When you hear the word ‘carnivore’ one would typically think of a meat-eating tiger or wolf. Then again, what if plants were as vicious as these predators? Carnivorous plants have been studied since the 19th century, the first observations being made by Charles Darwin. These Killers have evolved over time in environments where nutrients weren’t very accessible, for example, a swamp or mountain slope. As they have evolved, they have developed several different lures and traps in their biology to trap animal prey to satisfy their nutritional needs. Their exceptional structures are fascinating, to say the least, it is clear from these plants that they are masters of their own craft, and merciless with their intentions: to capture and kill.
An example of a Killer: Marsh Pitcher Plant: Pitcher of death
Although structurally this plant is rather simple, its intentions are anything but. This plant is known as the Pitcher of death. The leaves are foliar tubes up to 50 cm (20 inches) high, which attract insects through the nectar held inside them. The Marsh Pitcher grows in South America, in a rainy location where there is a lack of nutrients and bleak mountains. Within the plant, the hairs on the surface of the pitchers are wettable, and insects lose their footing and fall helplessly into the fluid at the base. Once inside these pitchers, these creatures are done for.
Plant Pictured Above: FLYING DUCK ORCHID: Caleana major (Fraudster)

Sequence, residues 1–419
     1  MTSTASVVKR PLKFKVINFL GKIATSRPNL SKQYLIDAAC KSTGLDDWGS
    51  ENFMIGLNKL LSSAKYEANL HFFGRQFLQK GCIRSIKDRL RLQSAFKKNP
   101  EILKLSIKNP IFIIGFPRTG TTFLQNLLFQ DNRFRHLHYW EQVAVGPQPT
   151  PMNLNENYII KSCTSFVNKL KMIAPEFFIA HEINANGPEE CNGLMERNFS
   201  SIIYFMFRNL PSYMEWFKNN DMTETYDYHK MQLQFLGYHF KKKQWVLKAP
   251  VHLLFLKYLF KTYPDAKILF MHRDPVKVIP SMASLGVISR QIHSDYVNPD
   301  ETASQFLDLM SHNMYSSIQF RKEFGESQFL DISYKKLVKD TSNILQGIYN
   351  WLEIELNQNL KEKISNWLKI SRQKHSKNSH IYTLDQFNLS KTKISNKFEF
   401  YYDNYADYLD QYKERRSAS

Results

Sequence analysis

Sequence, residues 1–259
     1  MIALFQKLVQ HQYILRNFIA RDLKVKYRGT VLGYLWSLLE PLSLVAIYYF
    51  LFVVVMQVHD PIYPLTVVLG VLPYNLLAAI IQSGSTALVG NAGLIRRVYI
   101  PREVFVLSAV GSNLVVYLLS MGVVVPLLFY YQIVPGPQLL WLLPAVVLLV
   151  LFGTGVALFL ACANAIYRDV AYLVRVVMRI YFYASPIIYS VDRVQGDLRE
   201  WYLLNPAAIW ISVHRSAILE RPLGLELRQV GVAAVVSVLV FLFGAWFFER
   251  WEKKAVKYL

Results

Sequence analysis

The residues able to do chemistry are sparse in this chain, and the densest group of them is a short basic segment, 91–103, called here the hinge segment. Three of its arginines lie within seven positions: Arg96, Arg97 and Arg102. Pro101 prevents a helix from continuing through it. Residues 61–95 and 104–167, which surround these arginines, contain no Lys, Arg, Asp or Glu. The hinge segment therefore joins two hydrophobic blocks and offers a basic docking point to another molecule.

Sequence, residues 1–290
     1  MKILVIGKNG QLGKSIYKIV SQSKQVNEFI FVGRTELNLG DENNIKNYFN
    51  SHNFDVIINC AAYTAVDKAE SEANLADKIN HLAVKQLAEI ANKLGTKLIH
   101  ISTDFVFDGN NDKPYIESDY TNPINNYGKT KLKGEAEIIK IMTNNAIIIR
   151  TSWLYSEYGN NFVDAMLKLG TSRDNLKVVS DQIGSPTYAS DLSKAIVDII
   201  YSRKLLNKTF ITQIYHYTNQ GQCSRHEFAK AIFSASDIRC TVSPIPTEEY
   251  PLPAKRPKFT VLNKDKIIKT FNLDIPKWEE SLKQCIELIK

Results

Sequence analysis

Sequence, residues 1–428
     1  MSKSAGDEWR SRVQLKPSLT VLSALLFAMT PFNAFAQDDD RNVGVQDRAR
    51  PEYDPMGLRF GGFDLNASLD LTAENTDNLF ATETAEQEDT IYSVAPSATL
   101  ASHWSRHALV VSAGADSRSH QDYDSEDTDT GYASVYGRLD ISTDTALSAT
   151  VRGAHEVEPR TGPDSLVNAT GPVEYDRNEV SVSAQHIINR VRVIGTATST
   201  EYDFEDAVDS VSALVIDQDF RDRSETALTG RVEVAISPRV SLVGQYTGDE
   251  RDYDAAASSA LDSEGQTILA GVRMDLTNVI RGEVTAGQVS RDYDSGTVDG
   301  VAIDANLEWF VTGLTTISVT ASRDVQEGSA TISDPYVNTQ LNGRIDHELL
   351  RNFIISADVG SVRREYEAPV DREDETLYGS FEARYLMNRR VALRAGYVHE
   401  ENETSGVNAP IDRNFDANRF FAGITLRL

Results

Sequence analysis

One wouldn’t assume that a plant could have a mischievous streak. But Fraudsters do. These plants have evolved a range of mimicries to manipulate those who attempt to pollinate them. Many flowers who are insect-pollinated provide nectar in return, however many orchids like to deceive their pollinators, fooling them into thinking that a reward will be offered. The deception of Fraudsters works in different ways. For example, some use sexual deception, mimicking female insects as an attempt to seduce male bees, others like to play dead.
An example of a Fraudster: Flying Duck Orchid: Plant duck decoy
The flying duck orchid’s home is southern and eastern Australia. It strikingly resembles a duck taking off for flight. This orchid attracts male sawflies as the flower is mistaken for a female insect. The male sawfly therefore attempts to mate with them. Once the sawfly lands on the plant and then attempts to take off, it is tossed into the area of the flower where the pollen is located. The pollen attaches itself to the insect in a spot perfect for the next flower it visits.
Plant Pictured Above: DEAD HORSE ARUM: Helicodiceros muscivorus (Jailer)
Plants are not unlike Jailers in their ability to imprison unsuspecting pollinating insects. As mentioned before, smell and appearance are the main attributes plants have when attracting insects. Many plants have specifically developed a design that encloses insects as if in a prison chamber, as they look for a place to lay their eggs. This process is known as trap pollination.
An example of a Jailer: Dead Horse Arum: 24-hour pollination sentence
On a high cliff-top overlooking the Mediterranean sea, is The dead horse arum’s natural habitat. This plant drapes its 40 cm-long (16 inches) blooms over the rocks. Its scent and appearance resemble a corpse to attract the local flies that swarm around the island. Once the flies come across a hollow chamber in the plant, while looking for a spot to lay their eggs they become trapped. They aren’t released from their imprisonment for 24 hours.